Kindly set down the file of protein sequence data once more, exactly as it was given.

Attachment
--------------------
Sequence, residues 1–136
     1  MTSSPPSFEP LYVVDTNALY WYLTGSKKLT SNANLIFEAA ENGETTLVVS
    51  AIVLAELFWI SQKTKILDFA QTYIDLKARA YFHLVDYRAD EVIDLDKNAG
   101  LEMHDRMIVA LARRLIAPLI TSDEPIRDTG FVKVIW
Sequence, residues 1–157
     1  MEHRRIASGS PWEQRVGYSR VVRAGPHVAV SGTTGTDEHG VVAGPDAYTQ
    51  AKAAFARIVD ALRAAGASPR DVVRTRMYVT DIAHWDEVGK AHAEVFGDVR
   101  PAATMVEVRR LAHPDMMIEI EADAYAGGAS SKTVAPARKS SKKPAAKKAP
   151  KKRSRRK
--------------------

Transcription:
Sequence, residues 1–136
     1  MTSSPPSFEP LYVVDTNALY WYLTGSKKLT SNANLIFEAA ENGETTLVVS
    51  AIVLAELFWI SQKTKILDFA QTYIDLKARA YFHLVDYRAD EVIDLDKNAG
   101  LEMHDRMIVA LARRLIAPLI TSDEPIRDTG FVKVIW
Sequence, residues 1–157
     1  MEHRRIASGS PWEQRVGYSR VVRAGPHVAV SGTTGTDEHG VVAGPDAYTQ
    51  AKAAFARIVD ALRAAGASPR DVVRTRMYVT DIAHWDEVGK AHAEVFGDVR
   101  PAATMVEVRR LAHPDMMIEI EADAYAGGAS SKTVAPARKS SKKPAAKKAP
   151  KKRSRRK